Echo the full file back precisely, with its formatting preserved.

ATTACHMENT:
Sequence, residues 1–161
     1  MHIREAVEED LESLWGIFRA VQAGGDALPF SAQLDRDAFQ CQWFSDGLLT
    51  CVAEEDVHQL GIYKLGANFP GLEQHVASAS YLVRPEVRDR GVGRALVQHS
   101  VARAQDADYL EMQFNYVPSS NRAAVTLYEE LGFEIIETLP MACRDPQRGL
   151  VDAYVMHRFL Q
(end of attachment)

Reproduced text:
Sequence, residues 1–161
     1  MHIREAVEED LESLWGIFRA VQAGGDALPF SAQLDRDAFQ CQWFSDGLLT
    51  CVAEEDVHQL GIYKLGANFP GLEQHVASAS YLVRPEVRDR GVGRALVQHS
   101  VARAQDADYL EMQFNYVPSS NRAAVTLYEE LGFEIIETLP MACRDPQRGL
   151  VDAYVMHRFL Q